10. Reading some of the explanations given in the link:
    It is apparent to me that many in the early church and catholics who were insisting that, since Paul was a "Saint"(Catholic ordained), he didn't sin after he was converted, or at least they wanted the appearance to be so. It would hurt their message if "Saints" were as wretched as the rest of the peasantry. This belief would then elevate the priests and bishops and on up the line, to that of higher standing and endorsing the right of them to make rules to be honored as the Bible itself was to be honored.

    A line really stood out to me, confirming my reading of the chapter. "This approach would make sense if this entire section is in the present tense; however, there is a transition between the past to the present within the passage."

    Paul was as wretched as any of us are without the grace of Jesus with us. And after we are filled with the Holy Spirit, we still remember what we are without it. I think this is the gist of the OP.
     
    Euphemia likes this.
  11. I there old Friend Jim. I took your advise and here I am. I have studied Romans seven many times with interest. I'm still, at my age, learning to walk in the Spirit as explained in Romans eight.
     
    Abdicate and Fish Catcher Jim say Amen and like this.
  12. Brother Chopper,
    Praise God it is so Nice to see you here ! Now then you will find this place a much happier and lovingplace then where you came from and believe me we are all ready for you to start pouring out of your hert brother....Jesus flows well from you brother.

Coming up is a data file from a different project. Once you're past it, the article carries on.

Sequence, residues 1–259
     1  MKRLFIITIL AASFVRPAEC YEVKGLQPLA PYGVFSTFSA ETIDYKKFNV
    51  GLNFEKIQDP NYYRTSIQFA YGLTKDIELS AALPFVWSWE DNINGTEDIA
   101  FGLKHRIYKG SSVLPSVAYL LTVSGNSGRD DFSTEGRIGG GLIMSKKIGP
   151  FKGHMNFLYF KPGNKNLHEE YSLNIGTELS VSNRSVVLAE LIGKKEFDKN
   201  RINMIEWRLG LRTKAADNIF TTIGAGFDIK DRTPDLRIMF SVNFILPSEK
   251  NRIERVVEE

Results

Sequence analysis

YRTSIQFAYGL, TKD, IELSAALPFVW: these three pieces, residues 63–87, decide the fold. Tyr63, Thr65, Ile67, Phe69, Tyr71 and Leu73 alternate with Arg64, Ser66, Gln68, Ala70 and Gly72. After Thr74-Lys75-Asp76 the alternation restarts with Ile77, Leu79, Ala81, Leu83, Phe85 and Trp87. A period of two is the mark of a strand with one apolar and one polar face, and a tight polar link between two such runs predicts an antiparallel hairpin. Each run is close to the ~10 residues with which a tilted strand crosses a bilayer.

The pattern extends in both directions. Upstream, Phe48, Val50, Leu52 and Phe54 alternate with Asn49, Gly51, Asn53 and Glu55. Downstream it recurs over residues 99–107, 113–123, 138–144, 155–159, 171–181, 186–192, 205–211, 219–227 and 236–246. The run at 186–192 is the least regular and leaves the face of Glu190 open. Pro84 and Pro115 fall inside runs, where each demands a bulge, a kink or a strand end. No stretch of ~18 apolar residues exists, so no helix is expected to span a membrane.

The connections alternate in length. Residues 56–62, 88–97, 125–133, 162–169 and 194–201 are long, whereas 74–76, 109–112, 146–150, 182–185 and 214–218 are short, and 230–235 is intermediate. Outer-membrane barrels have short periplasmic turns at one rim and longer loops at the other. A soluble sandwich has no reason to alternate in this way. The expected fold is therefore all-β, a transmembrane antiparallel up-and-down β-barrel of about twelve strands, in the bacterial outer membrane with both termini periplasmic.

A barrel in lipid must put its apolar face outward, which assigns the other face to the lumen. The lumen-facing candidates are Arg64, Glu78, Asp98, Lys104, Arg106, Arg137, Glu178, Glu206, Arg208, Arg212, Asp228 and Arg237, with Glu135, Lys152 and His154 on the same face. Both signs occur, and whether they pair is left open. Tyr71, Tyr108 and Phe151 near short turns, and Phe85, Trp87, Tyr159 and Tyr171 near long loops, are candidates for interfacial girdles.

Blessings
    Jim
     
  13. #13 calvin, Mar 21, 2015
    Last edited: Mar 21, 2015
    I agree though I'm sure there are those who would disagree.
    Rom 3:21 But now the righteousness of God has been manifested apart from the law, although the Law and the Prophets bear witness to it—
    (Hmmm hold that thought)
    Rom 3:22 the righteousness of God through faith in Jesus Christ for all who believe. For there is no distinction:
    Rom 3:23 for all have sinned and fall short of the glory of God,
    Rom 3:24 and are justified by his grace as a gift, through the redemption that is in Christ Jesus,
     
  14. I believe paul was setting up an example and teaching the following......
    It is most common amongst the brethren. This is the way to over come this. ; )
    Romans 12:2
    ... And be not conformed to this world; but be ye transformed by the renewing of your mind, that ye may prove what is that good and acceptibable and perfect will of God.

    Ephesians 4:22-24
    22... That ye put off concerning the former conversation the old man, which is corrupt according to the deceitful lust;
    23... And be renewed in theSpirit of YOUR MIND
    24... And that ye put on the new man, which after God is created in righteousness and true holiness.

    Galations 5:16-17
    16... This I say then, "Walk in the Spirit, and ye shall not fulfil the lust of the flesh.
    17... For the flesh lusteth ( puts pressure ) against the Spirit , and the Spirit against the flesh; and these arte contrary the one to the other; so that ye can not do the things that ye would.

    Tis thy only way to freedom
    Blessings
    Jim
     
  15. Thank you my dear Brother. I am sure to be refreshed here. Thank you for the invitation.
     
    Fish Catcher Jim likes this.